Cameron announced that after completing Titanic, he would film Avatar, which would make use of synthetic, or computer-generated, actors. The project would cost $100 million and involve at least six actors in leading roles "who appear to be real but do not exist in the physical world".
Visual effects house Digital Domain, with whom Cameron has a partnership, joined the project, which was supposed to begin production in mid-1997 for a 1999 release.
However, Cameron felt that the technology had not caught up with the story and vision that he intended to tell. He decided to concentrate on making documentaries and refining the technology for the next few years
From January to April 2006, Cameron worked on the script and developed a culture for the film's aliens, the Na'vi. Their language was created by Dr. Paul Frommer, a linguist at USC.
From 2005 to 2007, Cameron worked with a handful of designers, including famed fantasy illustrator Wayne Barlowe and renowned concept artist Jordu Schell, to shape the design of the Na'vi with paintings and physical sculptures when Cameron felt that 3-D brush renderings were not capturing his vision, often working together in the kitchen of Cameron's Malibu home.
In July 2006, Cameron announced that he would film Avatar for a mid-2008 release and planned to begin principal photography with an established cast by February 2007
Principal photography for Avatar began in April 2007 in Los Angeles and Wellington. Cameron described the film as a hybrid with a full live-action shoot in combination with computer-generated characters and live environments. "Ideally at the end of the day the audience has no idea which they're looking at," Cameron said.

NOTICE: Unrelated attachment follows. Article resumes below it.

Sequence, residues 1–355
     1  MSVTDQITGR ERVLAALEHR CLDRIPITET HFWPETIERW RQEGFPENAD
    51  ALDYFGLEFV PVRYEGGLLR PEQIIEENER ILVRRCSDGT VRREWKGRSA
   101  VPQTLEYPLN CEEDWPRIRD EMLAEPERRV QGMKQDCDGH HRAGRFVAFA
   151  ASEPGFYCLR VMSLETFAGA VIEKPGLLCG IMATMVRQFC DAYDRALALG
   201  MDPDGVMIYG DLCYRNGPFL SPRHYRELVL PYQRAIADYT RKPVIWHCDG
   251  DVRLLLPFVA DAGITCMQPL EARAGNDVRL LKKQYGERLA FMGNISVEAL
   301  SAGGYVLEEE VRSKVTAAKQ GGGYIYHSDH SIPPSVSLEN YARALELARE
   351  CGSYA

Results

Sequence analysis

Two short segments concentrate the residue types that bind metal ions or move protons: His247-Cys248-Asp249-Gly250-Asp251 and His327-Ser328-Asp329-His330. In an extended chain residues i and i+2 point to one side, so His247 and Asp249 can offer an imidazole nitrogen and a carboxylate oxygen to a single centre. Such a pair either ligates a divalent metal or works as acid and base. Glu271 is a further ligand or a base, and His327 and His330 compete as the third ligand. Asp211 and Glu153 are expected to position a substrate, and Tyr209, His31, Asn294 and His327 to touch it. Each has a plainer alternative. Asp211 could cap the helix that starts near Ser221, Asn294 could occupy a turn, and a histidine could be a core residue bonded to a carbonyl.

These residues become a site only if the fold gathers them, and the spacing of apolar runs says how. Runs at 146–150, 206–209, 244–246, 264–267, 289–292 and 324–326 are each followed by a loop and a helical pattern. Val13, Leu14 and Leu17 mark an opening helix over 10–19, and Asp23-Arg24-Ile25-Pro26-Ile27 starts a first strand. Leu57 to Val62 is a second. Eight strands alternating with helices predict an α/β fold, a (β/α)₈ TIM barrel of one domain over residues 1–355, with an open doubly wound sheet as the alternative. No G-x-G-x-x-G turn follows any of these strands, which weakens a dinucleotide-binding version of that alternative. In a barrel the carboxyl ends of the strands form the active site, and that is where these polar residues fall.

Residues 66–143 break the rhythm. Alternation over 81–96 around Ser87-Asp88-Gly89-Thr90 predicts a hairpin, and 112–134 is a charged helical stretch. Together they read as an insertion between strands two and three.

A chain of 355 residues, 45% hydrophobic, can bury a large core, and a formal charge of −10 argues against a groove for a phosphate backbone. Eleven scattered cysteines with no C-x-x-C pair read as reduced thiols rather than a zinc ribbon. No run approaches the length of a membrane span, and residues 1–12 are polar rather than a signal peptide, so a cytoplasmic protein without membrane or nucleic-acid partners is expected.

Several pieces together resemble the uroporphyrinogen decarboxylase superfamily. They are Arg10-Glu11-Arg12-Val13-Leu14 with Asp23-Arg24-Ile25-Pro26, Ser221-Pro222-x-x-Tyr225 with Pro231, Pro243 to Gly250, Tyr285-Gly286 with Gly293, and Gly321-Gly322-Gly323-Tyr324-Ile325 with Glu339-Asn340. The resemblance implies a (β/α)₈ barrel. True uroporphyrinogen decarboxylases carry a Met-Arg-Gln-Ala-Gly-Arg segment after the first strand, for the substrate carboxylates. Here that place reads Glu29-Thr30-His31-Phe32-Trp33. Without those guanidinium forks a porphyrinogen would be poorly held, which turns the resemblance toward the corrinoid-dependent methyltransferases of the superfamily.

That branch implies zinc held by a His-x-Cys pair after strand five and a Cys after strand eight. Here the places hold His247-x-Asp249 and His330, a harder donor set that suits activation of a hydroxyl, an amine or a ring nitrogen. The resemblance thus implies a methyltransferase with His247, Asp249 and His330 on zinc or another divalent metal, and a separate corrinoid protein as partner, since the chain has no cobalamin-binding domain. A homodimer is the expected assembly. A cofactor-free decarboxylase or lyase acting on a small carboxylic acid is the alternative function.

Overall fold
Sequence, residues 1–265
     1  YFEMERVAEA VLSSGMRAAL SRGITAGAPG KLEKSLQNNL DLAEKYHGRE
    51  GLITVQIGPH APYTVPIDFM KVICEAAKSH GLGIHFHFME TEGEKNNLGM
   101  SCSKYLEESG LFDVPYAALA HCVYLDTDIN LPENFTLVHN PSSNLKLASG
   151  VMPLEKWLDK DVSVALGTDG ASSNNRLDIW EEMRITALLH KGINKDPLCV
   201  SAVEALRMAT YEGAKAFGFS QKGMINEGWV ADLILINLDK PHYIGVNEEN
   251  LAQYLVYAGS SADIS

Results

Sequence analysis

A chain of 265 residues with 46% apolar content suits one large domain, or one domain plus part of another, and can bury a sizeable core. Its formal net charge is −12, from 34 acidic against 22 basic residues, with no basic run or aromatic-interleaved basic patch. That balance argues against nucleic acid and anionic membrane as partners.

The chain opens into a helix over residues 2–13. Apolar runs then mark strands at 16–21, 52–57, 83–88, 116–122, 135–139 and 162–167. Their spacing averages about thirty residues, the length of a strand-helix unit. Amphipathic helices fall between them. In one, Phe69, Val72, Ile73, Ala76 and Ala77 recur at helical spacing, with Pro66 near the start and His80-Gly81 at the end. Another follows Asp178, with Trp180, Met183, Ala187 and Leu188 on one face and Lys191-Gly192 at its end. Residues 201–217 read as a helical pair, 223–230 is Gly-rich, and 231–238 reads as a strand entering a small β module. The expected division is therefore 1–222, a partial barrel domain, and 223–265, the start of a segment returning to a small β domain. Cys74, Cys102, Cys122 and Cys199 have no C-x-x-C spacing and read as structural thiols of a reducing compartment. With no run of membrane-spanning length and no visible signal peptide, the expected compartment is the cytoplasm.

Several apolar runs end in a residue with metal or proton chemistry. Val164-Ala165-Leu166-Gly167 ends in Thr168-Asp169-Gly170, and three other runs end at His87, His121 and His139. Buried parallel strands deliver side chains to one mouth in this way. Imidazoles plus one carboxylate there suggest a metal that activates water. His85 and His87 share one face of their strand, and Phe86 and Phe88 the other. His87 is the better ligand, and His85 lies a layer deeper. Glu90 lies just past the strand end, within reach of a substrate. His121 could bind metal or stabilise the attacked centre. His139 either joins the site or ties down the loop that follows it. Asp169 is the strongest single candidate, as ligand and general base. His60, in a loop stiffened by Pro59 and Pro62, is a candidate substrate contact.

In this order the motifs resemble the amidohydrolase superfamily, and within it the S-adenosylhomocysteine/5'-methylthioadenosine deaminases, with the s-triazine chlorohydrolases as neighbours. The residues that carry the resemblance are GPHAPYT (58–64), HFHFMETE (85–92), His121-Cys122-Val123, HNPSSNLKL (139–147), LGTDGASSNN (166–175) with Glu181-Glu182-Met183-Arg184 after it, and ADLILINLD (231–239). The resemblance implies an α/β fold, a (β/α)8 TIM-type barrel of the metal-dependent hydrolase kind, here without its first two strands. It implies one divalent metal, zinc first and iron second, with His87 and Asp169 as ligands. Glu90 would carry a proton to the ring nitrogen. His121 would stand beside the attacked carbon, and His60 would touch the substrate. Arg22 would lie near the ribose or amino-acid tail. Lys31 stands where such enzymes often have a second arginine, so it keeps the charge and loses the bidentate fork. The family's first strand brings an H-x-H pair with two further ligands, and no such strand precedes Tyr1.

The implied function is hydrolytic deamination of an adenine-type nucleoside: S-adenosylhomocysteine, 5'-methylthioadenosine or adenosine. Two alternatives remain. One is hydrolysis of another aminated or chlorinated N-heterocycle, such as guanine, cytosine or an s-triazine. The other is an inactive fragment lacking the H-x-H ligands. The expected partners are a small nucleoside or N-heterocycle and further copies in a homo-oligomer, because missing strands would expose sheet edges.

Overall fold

The director indicated that he had already worked four months on nonprincipal scenes for the film. The live action was shot with a modified version of the proprietary digital 3-D Fusion Camera System, developed by Cameron and Vince Pace. In January 2007, Fox had announced that 3-D filming for Avatar would be done at 24 frames per second despite Cameron's strong opinion that a 3D film requires higher frame rate to make strobing less noticeable. According to Cameron, the film is composed of 60% computer-generated elements and 40% live action, as well as traditional miniatures.
Avatar premiered in London on December 10, 2009, and was released theatrically worldwide from December 16 to 18. The film was originally set for release on May 22, 2009, during filming but was pushed back to allow more post-production time (the last shots were delivered in November) and give more time for theaters worldwide to install 3D projectors. Cameron stated that the film's aspect ratio would be 1.78:1 for 3D screenings and that a 2.39:1 image would be extracted for 2D screenings
Internationally, Avatar opened on a total of 14,604 screens in 106 territories, of which 3,671 were showing the film in 3D (producing 56% of the first weekend gross). The film was simultaneously presented in IMAX 3D format, opening in 178 theaters in the United States on December 18. The international IMAX release included 58 theaters beginning on December 16, and 25 more theaters were to be added in the coming weeks.